Rizpah a Concubine of Saul:

Rizpah is found in the book of 2 Samuel. Rizpah, the daughter of Aiah and the concubine of King Saul, once King Saul dies, King David hands over seven of his relatives to be executed by the Gibeonites. The bodies of the seven were left to be eaten by the wild animals. Rizpah risked her life to bury her two sons. She adorned sackcloth and spent the days and nights chasing away the birds and wild animals away from her dead son’s bodies and the others with them. She showed great heroism, courage and love.
2 Samuel 21:8–13

The beginning of the account of Rizpah, the daughter of Aiah and the concubine of King Saul, begins with the two sons she bore to King Saul Armoni and Mephibosheth. It was during a time where there was war between the house of Saul and the house of David. Abner, Saul’s cousin and army captain, gave his allegiance to the house of Saul.

Ishbosheth was a surviving son of Saul, king of Israel for seven years while David was king over Judah; succeeded by David who united the kingdom. (Strong, 2001. #0378). Ishbosheth accused Abner of going into the concubine of Soul. Ishbosheth implied the purpose on the part of Abner was to declare his intention of seizing the throne. Abner was extremely angry and offended because of what Ishbosheth had said. Because of the accusation Abner said he would going over to the side of David, whom he now professed to regard as anointed by the Lord to reign over all Israel. David received him favorably. Ishbosheth could not answer Abner again, because he feared him. (2 Samuel 3:6–11).

Then there was a famine in the days of David three years, year after year; and David enquired of the LORD. And the LORD answered that is was for Saul, and for his bloody house, because Saul slew the Gibeonites. The Gibeonites were not of the children of Israel, but of the remnant of the Amorites; and the children of Israel had taken and agreement with them: and Saul sought to slay them in his zeal or jealous to the children of Israel and Judah. The Gibeonites had deceived Joshua into making a treaty with them. They had remained in the land ever since, protected by this ancient treaty, they were basically slaves of the Israelites. Saul apparently decided to wipe them out. This campaign against the Gibeonites was a deliberate violation of the ancient treaty sworn to in the name of the Lord by Joshua, the LORD God was angered. (Joshua 9:1-15).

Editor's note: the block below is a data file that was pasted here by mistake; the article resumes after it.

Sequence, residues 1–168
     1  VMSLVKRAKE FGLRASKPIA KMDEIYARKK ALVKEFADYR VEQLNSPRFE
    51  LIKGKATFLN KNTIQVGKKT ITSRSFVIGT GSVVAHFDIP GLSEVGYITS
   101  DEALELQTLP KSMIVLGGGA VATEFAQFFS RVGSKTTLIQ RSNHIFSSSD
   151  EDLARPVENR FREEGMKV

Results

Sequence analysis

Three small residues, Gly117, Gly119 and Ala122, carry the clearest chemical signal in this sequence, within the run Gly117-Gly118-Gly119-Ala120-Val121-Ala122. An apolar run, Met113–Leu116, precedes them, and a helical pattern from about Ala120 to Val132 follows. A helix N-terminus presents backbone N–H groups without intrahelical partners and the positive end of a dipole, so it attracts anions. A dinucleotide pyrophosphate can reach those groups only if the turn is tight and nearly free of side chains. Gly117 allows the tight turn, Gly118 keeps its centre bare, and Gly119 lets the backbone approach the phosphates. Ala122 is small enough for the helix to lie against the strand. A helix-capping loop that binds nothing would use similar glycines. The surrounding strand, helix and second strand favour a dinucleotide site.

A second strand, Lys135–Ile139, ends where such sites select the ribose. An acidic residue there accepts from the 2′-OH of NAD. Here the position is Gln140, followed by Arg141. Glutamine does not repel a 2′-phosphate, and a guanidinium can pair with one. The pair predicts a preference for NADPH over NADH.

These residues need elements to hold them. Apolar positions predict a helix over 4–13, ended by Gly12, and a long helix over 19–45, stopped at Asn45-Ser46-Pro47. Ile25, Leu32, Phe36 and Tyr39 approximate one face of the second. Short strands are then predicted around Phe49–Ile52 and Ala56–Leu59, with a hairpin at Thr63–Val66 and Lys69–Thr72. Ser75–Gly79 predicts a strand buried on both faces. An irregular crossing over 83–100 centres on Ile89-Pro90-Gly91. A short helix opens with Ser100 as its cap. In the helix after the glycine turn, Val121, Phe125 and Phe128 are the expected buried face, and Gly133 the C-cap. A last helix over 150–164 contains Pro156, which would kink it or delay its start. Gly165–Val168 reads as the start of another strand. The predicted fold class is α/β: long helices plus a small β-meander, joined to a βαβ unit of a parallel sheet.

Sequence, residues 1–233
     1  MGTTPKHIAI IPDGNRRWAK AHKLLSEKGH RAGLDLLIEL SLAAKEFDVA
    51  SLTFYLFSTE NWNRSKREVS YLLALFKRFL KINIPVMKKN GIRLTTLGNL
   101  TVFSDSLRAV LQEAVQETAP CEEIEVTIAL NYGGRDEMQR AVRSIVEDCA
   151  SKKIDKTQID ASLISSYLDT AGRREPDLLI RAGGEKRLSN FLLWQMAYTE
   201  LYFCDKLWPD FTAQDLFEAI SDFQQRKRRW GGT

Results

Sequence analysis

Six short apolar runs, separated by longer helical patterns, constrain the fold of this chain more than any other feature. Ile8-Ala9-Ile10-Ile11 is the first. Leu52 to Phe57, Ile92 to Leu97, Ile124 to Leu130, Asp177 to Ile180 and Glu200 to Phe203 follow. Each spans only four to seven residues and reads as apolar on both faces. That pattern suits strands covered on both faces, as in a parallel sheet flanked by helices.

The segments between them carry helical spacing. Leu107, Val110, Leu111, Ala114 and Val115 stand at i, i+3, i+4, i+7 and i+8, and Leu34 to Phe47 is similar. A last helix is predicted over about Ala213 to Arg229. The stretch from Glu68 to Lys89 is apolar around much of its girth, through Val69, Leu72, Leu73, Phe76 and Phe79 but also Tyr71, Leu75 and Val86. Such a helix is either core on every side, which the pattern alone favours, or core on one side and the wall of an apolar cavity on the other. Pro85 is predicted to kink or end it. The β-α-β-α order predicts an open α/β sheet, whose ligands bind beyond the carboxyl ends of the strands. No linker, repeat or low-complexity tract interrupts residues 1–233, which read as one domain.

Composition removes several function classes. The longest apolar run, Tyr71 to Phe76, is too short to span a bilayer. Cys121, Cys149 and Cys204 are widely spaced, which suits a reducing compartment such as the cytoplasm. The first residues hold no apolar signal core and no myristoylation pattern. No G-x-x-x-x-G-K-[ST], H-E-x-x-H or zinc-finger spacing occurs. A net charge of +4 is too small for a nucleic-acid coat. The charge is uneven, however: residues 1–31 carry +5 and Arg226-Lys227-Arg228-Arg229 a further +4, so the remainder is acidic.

King David ask the Gibeonites what he could do to make atonement they may bless the inheritance of the LORD. The Gibeonites said unto David, We will have no silver nor gold of Saul, nor of his house; neither for us shall you kill any man in Israel. The punishment was to be seven men of Saul to be delivered unto the Gibeonites, they would hang them up unto the LORD in Gibeah of Saul, whom the LORD did choose. King David said, I will give them. King David spared Mephibosheth, the son of Jonathan the son of Saul, because of the LORD’S oath that was between them, between David and Jonathan the son of Saul. (2 Samuel 21: 1-7).

The king took Armoni and Mephibosheth, the two sons of Aiah’s daughter Rizpah, whom she had borne to Saul, together with the five sons of Saul’s daughter Merab, whom she had borne to Adriel son of Barzillai the Meholathite. He handed them over to the Gibeonites, who killed and exposed them on a hill before the LORD. All seven of them fell together; they were put to death during the first days of the harvest, just as the barley harvest was beginning. (2 Samuel 21:8–9).

Rizpah took sackcloth, and spread it for her upon the rock, from the beginning of harvest until water dropped upon them out of heaven, and suffered neither the birds of the air to rest on them by day, nor the beasts of the field by night. This was told to King David that the concubine of Saul had done this. And David took the bones of Saul and the bones of Jonathan his son from the men of Jabeshgilead, which had stolen them from the street of Bethshan, where the Philistines had hanged them, when the Philistines had slain Saul in Gilboa: and he brought up from there the bones of Saul and the bones of Jonathan his son; and they gathered the bones of them that were hanged and buried them in the country of Benjamin in Zelah, in the sepulcher of Kish his father: and they performed all that the king commanded. And after that God was entreat or prayed for the land. (2 Samuel 21:10–14).